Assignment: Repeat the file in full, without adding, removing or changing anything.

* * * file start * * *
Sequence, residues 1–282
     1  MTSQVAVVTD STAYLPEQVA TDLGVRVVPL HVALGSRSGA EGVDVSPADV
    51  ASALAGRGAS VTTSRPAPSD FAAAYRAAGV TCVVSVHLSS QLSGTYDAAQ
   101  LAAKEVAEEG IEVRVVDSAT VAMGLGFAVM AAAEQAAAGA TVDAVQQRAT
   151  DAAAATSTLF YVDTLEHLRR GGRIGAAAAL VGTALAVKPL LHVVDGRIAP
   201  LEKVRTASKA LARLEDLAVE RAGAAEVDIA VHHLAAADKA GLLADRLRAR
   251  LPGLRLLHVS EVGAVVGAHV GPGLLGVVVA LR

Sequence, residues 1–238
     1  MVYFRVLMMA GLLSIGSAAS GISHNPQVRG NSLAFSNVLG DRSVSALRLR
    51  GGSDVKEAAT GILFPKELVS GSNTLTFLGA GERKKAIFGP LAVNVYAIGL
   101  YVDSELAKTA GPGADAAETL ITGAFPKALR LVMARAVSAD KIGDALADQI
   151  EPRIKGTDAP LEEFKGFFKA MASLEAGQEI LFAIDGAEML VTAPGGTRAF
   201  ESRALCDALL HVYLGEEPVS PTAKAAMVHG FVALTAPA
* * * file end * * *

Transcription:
Sequence, residues 1–282
     1  MTSQVAVVTD STAYLPEQVA TDLGVRVVPL HVALGSRSGA EGVDVSPADV
    51  ASALAGRGAS VTTSRPAPSD FAAAYRAAGV TCVVSVHLSS QLSGTYDAAQ
   101  LAAKEVAEEG IEVRVVDSAT VAMGLGFAVM AAAEQAAAGA TVDAVQQRAT
   151  DAAAATSTLF YVDTLEHLRR GGRIGAAAAL VGTALAVKPL LHVVDGRIAP
   201  LEKVRTASKA LARLEDLAVE RAGAAEVDIA VHHLAAADKA GLLADRLRAR
   251  LPGLRLLHVS EVGAVVGAHV GPGLLGVVVA LR

Sequence, residues 1–238
     1  MVYFRVLMMA GLLSIGSAAS GISHNPQVRG NSLAFSNVLG DRSVSALRLR
    51  GGSDVKEAAT GILFPKELVS GSNTLTFLGA GERKKAIFGP LAVNVYAIGL
   101  YVDSELAKTA GPGADAAETL ITGAFPKALR LVMARAVSAD KIGDALADQI
   151  EPRIKGTDAP LEEFKGFFKA MASLEAGQEI LFAIDGAEML VTAPGGTRAF
   201  ESRALCDALL HVYLGEEPVS PTAKAAMVHG FVALTAPA